return ((*static_cast<T1&&>(t1)).*f)(static_cast<Args&&>(args)...);
    } else if constexpr(chooseFxn == 4){
        return static_cast<T1&&>(t1).*f;
    } else if constexpr(chooseFxn == 5){
        return t1.get().*f;
    } else {
        return (*static_cast<T1&&>(t1)).*f;

template< class F, class... Args>
constexpr decltype(auto) invoke(F&& f, Args&&... args){
    return static_cast<F&&>(f)(static_cast<Args&&>(args)...);

I test the code here. How the SFINAE works is it checks all possible ways to invoke the arguments, and returns a struct whose size is determined by which invocation is well-formed, which I use to take the size of.

website design – UI / UX alternative to a Dashboard, with more functions?

We have an app that works in two separate pages. It involves sharing content and presenting information with other users. The secondary, optional (but highly recommended) page is called a dashboard. From this there are metrics which show user connection status, and whether they have submitted requests for certain things, etc. Visually, it presents a quick way to see the status of all users.

So far, it’s clearly a dashboard. However, from this dashboard there is also the option to do actions like chat, edit, assign groups, etc. This seems to be going beyond a typical dashboard’s remit of presenting data. We don’t want to confuse users or make them miss features by limiting the second page to only a ‘dashboard’.

So my questions are:

  1. is there a better name for this UI/UX element than ‘Dashboard’?
  2. am I misguided in thinking a dashboard is just for viewing information, not carrying out actions/tasks?

Any thoughts on this would be very appreciated. Redesigning the app to separate data visualization features from action features is not possible.

tables – Is there a good alternative to zebra stripes when rows use drag-and-drop reordering?

This answer gives pretty good evidence that in a table with multiple columns, zebra stripes are the most effective way to make it easy to see which rows are which in the table. Sometimes in tables, we offer drag-and-drop to reorder whole rows, and there are a few existing questions on visual cues for that.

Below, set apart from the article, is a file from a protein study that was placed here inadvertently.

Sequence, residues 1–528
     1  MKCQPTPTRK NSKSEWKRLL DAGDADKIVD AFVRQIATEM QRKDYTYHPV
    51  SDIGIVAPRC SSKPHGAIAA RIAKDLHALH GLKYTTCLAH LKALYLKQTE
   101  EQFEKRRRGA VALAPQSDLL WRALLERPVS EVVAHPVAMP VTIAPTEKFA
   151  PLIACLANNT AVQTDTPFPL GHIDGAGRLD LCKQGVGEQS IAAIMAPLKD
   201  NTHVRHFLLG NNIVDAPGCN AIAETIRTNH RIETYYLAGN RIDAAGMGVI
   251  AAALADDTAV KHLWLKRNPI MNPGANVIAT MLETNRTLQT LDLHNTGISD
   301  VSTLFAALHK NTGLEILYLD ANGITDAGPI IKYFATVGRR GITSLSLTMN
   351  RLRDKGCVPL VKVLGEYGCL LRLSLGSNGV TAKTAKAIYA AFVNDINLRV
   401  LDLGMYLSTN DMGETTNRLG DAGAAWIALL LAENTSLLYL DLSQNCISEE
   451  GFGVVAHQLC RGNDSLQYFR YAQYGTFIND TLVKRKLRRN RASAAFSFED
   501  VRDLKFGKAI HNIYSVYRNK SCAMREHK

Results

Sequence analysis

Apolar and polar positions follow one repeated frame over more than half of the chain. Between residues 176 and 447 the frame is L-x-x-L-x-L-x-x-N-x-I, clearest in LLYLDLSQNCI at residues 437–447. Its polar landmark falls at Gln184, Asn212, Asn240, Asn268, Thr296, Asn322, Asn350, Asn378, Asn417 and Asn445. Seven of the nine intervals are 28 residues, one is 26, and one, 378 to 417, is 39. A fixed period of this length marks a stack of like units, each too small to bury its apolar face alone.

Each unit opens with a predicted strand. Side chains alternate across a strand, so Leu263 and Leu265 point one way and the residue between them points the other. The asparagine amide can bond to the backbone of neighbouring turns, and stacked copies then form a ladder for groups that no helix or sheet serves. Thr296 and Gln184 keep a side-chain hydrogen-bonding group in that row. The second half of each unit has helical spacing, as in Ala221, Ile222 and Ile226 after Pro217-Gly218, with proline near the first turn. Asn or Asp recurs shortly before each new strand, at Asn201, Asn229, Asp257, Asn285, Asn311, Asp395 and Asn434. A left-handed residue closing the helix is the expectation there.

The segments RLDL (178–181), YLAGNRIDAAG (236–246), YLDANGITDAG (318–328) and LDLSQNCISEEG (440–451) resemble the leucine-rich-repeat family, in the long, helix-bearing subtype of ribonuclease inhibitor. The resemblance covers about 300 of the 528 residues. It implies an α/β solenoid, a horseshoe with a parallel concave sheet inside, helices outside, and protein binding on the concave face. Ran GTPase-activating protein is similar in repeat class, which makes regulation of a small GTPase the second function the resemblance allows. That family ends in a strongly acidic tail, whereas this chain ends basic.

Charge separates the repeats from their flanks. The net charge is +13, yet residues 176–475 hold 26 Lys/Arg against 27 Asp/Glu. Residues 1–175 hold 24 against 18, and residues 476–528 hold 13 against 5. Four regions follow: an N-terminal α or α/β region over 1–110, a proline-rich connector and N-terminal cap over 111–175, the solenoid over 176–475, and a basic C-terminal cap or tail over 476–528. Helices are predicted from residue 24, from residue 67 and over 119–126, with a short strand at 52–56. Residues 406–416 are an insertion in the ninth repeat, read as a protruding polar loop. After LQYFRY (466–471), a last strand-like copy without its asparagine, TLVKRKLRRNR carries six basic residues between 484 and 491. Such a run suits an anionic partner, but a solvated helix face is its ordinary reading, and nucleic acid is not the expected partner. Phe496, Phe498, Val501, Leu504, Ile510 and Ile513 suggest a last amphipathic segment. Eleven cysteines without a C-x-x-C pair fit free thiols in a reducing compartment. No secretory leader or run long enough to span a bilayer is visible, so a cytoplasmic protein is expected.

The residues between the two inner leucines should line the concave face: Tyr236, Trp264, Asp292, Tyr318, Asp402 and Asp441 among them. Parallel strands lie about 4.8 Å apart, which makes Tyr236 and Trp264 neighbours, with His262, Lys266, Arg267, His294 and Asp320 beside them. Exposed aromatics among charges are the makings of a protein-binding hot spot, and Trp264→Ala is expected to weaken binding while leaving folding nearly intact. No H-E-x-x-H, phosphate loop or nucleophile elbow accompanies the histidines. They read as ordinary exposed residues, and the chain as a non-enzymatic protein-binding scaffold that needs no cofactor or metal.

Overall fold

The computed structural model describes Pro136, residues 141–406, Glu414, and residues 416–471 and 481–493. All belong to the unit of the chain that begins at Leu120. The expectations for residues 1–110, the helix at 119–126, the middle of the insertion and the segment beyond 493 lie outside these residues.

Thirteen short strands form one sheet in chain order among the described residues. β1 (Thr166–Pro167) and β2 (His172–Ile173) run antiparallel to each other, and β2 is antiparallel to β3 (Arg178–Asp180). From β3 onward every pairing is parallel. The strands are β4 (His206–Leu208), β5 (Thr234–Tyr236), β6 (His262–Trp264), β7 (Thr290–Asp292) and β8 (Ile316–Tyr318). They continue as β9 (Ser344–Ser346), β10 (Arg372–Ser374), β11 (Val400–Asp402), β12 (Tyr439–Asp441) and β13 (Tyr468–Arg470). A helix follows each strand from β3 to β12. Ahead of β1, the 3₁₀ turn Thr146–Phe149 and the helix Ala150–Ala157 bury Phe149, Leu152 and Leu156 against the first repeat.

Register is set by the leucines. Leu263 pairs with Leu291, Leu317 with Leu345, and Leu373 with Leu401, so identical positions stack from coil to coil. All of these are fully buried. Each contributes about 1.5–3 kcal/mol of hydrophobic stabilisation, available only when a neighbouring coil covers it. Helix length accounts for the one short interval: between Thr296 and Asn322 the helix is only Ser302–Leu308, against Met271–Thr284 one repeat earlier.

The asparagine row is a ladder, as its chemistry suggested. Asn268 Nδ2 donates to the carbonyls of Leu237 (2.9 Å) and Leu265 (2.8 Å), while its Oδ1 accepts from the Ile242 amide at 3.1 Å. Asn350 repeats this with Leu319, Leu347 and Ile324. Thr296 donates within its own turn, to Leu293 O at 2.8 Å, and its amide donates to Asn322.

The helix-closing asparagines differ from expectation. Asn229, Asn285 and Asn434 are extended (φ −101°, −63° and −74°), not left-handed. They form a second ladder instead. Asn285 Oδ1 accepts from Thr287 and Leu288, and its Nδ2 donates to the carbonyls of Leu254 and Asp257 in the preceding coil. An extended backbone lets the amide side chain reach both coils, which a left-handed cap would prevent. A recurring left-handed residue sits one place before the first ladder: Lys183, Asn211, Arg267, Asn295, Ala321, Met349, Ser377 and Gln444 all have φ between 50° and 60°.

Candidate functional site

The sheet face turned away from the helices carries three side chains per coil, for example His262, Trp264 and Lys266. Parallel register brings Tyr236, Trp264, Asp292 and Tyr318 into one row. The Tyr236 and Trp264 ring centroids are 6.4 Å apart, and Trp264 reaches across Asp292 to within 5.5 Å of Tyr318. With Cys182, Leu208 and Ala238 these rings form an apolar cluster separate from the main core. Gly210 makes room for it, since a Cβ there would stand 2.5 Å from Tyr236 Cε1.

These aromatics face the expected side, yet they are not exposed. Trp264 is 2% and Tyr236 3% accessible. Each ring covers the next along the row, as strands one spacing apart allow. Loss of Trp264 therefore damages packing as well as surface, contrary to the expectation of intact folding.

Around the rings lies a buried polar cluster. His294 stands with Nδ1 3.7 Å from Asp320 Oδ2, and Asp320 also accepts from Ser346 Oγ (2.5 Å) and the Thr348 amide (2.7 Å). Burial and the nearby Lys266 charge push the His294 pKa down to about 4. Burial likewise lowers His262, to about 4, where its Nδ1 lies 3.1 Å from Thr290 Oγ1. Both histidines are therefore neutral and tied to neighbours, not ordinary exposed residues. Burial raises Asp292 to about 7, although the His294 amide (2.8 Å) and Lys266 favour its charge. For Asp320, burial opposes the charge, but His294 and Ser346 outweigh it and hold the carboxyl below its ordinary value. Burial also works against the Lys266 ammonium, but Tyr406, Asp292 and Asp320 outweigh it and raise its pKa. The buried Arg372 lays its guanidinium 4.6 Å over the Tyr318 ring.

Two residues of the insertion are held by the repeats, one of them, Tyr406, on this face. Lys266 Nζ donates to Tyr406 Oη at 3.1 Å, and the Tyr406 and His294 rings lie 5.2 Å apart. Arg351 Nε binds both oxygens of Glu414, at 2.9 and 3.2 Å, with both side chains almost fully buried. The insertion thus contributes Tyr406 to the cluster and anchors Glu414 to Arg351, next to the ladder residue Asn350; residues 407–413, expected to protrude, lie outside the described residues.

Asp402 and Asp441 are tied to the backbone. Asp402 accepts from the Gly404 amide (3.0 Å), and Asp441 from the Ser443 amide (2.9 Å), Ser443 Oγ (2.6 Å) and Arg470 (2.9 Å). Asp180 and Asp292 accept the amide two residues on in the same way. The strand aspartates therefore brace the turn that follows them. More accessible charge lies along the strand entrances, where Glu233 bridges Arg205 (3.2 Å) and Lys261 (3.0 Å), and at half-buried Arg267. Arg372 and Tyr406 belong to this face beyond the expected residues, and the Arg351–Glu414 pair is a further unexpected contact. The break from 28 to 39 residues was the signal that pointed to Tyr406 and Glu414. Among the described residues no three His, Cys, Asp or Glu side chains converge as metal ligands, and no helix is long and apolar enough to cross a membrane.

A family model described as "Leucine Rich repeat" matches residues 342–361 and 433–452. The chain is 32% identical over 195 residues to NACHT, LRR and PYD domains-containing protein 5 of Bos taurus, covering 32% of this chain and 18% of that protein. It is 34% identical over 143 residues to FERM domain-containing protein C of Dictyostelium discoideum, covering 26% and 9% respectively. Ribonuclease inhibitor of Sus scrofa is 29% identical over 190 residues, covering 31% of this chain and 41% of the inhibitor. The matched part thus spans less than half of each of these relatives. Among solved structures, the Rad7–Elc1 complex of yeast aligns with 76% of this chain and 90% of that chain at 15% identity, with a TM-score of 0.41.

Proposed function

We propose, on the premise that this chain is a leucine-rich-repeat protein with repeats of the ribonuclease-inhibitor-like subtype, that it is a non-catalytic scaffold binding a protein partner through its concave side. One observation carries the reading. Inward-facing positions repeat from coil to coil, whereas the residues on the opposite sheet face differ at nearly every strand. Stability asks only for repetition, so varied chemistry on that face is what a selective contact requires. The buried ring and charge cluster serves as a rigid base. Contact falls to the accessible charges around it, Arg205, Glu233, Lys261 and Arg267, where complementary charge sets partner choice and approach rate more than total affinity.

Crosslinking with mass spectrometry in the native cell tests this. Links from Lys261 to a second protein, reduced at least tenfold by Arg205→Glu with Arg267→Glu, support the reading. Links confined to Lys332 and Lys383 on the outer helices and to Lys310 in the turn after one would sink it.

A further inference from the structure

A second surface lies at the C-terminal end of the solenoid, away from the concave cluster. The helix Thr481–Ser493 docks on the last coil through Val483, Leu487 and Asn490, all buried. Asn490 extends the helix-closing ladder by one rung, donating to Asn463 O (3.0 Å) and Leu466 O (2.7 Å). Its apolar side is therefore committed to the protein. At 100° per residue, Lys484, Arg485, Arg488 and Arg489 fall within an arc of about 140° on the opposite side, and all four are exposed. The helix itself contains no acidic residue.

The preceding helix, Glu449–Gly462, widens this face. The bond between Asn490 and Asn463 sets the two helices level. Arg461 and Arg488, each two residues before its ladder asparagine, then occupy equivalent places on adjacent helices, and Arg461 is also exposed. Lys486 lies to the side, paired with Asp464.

The two features don’t really interact well, because dropping a row potentially changes the colour of the dropped item and all the items between the old and new locations. This might make it visually confusing to see the result of the reordering, and disrupt the user’s mental connection between the colour and the row.

Is there a way to get the same benefit of zebra stripes without making drag-and-drop awkward? I’m happy with a completely different technique if it’s shown to work as well, or with a refinement to the stripes or drag-and-drop cues that avoid the problem without losing the benefit, or even with some evidence that it’s not a problem in the first place.

Questions for anyone running Blesta (or another WHMCS alternative)

Hi all – I realize Blesta has lots of opportunities for customization, at least based on what I have read. Before I go down any possible cus… | Read the rest of

combinatorics – Alternative way to calculate number of edges in Turán-graphs?

We define a Turán-graph
$$T_n(r) = K_{lceilfrac{n}{r}rceil, ldots,lceilfrac{n}{r}rceil, lfloorfrac{n}{r}rfloor, ldots, lfloorfrac{n}{r}rfloor}$$

with $n bmod r$ many subsets $V_i$ that contain $lceilfrac{n}{r}rceil$ many vertices and $r- (n bmod r)$ many $lfloorfrac{n}{r}rfloor$ vertices. We calculate the number of edges in such a graph as follows $$t_n(r) = left( 1 – frac{1}{r}right)frac{n^2}{2} – frac{q(r-q)}{2r}$$

My thoughts:

We can think of Turán-graphs as $r$-partit graphs. So for some $T_n(r) = K_{V_1, V_2, ldots, V_r}$ with $$e_{i} = binom{i}{2}$$ representing the number of edges in some complete graph $K_i$.

Hence, we can calculate the number of edges as follows:
t_n'(r) &= e_{n} – e_{V_1} – e_{V_2} – ldots – e_{V_r} \
&= binom{n}{2} – binom{V_1}{2} – binom{V_2}{2} – ldots -binom{V_r}{2}end{align*}


This seems way more simple to me than the formula given above. If $t_n'(r)$ works correct (couldn’t prove it wrong nor right), why bother using $t_n(r)$?